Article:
The Mind Museum is a world-class site in Taguig City that makes learning Science more fun! Its five galleries are filled with quality crafted illustrations that will bring your textbooks knowledge to life. The museum’s exhibits cover a wide variety of Science branches like physics, chemistry, biology, astronomy, geology and more!
The idea of its construction was conceived by the Bonifacio Art Foundation, Inc. in January 2007. With the help of several individuals and corporations, their vision of having a state-of-the-art Science Museum in the Phillippines was made possible on March 16, 2012, when The Mind Museum opened. This fascinating museum is a great place not just for children but for everyone!
Exploring The Mind Museum
It was great to give it a visit before 9:00 AM because there was no queue yet. We can enjoy exploring the museum better since there were no other visitors yet. Upon checking the ticket price, we found out that it’s P650.00 for private school students and P340.00 only public school students. This made me quip that if I only found out sooner—I would have enrolled our son to a public school!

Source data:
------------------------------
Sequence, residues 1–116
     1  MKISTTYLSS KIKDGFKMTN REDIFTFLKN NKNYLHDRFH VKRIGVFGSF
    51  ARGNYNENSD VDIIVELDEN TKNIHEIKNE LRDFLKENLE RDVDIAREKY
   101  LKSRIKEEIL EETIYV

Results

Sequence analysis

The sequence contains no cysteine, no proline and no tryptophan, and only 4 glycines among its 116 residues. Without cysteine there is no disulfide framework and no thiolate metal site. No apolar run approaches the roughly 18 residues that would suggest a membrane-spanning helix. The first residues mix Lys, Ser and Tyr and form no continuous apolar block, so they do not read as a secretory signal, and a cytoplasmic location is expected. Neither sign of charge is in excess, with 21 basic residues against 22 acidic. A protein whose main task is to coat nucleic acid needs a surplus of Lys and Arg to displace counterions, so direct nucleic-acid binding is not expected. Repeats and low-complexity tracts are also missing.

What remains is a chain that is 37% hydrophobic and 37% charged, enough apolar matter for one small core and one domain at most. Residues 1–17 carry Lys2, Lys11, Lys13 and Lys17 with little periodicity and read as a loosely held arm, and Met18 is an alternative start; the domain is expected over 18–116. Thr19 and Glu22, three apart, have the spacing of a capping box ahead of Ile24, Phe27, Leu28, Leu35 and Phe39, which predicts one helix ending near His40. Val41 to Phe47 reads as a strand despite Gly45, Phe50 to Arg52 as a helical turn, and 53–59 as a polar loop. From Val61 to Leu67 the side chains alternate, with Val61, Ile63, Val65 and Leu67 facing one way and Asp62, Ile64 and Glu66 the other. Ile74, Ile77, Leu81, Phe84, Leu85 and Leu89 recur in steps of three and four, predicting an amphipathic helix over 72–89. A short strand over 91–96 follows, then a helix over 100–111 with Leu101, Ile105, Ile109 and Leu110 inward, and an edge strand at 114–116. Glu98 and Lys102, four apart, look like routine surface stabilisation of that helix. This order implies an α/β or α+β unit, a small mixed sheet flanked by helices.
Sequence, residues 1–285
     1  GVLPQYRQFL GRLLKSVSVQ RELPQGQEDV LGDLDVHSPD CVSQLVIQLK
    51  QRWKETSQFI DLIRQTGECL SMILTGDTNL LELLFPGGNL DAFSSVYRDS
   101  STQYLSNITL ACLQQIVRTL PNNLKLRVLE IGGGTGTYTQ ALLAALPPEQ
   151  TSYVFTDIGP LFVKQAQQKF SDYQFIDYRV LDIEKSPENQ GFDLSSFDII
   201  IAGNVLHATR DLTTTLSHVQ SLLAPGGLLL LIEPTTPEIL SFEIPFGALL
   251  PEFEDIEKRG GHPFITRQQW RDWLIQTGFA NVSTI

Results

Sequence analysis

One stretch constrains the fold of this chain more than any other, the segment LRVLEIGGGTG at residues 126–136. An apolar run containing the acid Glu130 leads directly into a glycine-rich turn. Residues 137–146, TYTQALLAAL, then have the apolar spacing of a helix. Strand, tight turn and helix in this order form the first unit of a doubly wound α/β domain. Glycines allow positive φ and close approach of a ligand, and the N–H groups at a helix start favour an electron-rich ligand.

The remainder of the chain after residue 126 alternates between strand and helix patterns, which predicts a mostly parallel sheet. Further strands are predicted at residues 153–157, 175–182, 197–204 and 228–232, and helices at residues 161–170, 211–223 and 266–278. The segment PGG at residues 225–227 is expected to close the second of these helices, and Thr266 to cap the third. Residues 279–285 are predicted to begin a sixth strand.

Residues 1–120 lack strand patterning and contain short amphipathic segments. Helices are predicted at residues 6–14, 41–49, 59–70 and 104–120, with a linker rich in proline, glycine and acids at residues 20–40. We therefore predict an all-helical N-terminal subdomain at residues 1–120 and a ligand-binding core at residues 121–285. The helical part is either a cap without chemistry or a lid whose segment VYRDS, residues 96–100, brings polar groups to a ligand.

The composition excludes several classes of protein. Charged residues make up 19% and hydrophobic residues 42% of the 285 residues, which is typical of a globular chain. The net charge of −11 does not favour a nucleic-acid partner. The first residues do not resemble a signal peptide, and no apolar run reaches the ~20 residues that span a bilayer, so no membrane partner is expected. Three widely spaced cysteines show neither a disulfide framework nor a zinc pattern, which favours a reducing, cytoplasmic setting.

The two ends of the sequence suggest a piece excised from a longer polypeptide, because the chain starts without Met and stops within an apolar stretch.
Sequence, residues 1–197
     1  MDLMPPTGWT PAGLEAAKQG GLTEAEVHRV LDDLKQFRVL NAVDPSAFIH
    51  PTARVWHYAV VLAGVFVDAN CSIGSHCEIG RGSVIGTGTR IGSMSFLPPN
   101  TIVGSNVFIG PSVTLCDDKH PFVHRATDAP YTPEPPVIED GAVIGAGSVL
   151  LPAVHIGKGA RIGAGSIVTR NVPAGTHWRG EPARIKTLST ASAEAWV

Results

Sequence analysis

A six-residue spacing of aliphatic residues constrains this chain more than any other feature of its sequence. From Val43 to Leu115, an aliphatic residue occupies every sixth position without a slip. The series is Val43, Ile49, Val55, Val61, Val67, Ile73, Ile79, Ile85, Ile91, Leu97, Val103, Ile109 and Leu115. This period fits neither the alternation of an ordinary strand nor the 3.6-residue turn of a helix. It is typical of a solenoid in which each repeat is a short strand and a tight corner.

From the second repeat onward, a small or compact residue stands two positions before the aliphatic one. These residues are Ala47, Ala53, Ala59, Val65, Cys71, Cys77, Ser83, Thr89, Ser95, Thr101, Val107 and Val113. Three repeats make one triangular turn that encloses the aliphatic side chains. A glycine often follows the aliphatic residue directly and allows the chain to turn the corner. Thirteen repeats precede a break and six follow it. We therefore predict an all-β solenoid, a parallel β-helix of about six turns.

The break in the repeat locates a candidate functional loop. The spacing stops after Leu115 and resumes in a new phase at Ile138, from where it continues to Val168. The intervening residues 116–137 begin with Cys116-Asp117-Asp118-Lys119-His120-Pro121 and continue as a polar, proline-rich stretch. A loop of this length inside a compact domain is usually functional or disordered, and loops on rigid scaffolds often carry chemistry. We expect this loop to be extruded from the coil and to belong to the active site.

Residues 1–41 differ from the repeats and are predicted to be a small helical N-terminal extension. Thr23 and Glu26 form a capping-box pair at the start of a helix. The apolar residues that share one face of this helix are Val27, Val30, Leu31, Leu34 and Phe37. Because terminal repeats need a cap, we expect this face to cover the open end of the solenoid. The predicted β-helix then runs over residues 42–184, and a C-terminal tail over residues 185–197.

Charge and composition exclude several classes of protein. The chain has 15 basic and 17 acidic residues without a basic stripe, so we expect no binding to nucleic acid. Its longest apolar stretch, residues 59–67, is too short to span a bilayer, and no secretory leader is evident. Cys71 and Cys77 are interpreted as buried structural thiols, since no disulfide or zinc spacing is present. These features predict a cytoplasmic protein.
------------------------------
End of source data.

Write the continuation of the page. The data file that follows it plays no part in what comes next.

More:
Our tour started with a short briefing from a lady riding a segway. It was funny to see that it was just our family getting briefed as if we’ve exclusively rented the entire museum. She was practically giving us some basics about the different sections of the museum along with the policies and guidelines to help maintain the facilities in good condition and prevent damages.
Earth Gallery: Nature Across the Breadth of Time
The moment our briefing was done, we can’t help but rush in to visit the T-Rex skeleton replica first. It’s an iconic museum exhibit that we see a lot in movies. I find it to be one of the most interesting because of its pre-historic origin and monstrous size. With just a pinch of imagination, you can bring it to life and picture out its glorious days. This collection of T-Rex bones is simply a masterpiece.